Jeremy Hobson: President Obama heads Northern Virginia Community College in Alexandria today To highlight the value of a highly trained workforce. But he's got some convincing to do. A recent study shows a 57 percent of Americans don't think a college degree is good value.
For more on this, let's bring in LA Times Consumer Columnist David Lazarus. Good morning.
David Lazarus: Good morning.
Hobson: Well David, as students graduate from college, as they are doing now, if they are able to find a job -- which is hard to do right now -- how long do you think they're going to have to work to pay off their college debt?
Lazarus: It's longer and longer, it looks like. According to the figures that are out there, the average amount of debt that a college student is carrying is $23,000. That's an awful lot of money. And that's a big reason that the Pew Research Center has found in their latest study that a majority of Americans say that college is just unaffordable and not worth the price.
Hobson: Not worth the price. That's something we're hearing over and over again now -- is it worth the cost in this economy?
Lazarus: It's an interesting question, especially when you're facing that much debt and such tough prospects are finding the job. Not to mention the cost of tuition. The average cost for a four-year public university: about $20,000 a year in tuition, that doesn't even include room and board; $35,000 a year for a private university. So yeah, that's a lot of money. But I don't know, I look at that Pew number and I think people are sort of just responding more to these tough times than they are to the actual value of an education because let's face it, people with a college education do fare better in the marketplace -- when they can get a job. They tend to get more money, they tend to have better advancement prospects. So you would think that this education does provide the foundation most people need to advance in the world.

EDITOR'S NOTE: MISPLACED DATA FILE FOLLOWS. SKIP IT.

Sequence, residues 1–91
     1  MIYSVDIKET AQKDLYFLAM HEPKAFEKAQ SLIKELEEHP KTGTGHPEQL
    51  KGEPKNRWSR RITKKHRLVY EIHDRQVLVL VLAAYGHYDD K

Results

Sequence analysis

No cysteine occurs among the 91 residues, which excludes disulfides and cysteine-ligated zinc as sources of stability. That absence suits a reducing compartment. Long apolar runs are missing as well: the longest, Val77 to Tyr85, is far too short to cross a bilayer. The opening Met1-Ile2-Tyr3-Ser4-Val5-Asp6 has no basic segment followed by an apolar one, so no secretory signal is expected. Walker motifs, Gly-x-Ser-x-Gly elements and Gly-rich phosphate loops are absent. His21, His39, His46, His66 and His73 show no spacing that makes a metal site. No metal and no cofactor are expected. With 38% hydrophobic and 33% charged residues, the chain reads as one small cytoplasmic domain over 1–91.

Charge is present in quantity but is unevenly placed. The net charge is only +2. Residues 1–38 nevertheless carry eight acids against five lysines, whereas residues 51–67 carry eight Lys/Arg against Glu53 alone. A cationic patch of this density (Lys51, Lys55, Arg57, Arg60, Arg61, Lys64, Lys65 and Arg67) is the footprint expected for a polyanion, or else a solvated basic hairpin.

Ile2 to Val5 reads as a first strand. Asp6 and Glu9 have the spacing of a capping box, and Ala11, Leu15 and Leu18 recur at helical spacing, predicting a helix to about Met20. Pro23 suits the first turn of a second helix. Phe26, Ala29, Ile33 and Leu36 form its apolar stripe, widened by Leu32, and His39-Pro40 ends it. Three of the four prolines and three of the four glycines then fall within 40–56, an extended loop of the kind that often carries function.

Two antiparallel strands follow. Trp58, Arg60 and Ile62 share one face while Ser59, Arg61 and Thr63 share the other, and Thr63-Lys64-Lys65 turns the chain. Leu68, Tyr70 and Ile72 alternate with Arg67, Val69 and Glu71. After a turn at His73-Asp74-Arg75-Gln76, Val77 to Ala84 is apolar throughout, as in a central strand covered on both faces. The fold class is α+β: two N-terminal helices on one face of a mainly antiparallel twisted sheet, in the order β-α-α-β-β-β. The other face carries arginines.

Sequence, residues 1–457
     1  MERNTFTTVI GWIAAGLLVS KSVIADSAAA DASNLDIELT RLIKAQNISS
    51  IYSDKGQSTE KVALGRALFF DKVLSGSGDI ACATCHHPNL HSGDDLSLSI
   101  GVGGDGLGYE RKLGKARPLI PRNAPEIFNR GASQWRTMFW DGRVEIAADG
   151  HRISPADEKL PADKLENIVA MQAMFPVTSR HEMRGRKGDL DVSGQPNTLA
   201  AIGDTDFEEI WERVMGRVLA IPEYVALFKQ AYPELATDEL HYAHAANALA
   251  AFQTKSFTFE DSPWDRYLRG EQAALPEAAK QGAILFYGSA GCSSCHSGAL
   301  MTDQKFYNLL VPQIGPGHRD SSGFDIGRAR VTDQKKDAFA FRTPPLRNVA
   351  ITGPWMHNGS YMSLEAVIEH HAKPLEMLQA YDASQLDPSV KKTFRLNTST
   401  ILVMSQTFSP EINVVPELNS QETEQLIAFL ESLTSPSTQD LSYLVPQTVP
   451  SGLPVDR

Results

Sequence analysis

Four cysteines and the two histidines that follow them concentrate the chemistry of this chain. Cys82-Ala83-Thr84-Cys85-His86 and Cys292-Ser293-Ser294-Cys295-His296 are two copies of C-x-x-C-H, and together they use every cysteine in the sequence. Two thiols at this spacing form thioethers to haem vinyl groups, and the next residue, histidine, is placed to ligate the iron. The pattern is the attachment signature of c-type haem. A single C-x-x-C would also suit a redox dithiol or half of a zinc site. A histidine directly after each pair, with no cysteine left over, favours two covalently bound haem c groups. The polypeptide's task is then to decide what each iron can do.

Hobson: L.A. Times consumer columnist David Lazarus, thanks so much.
Lazarus: Thank you.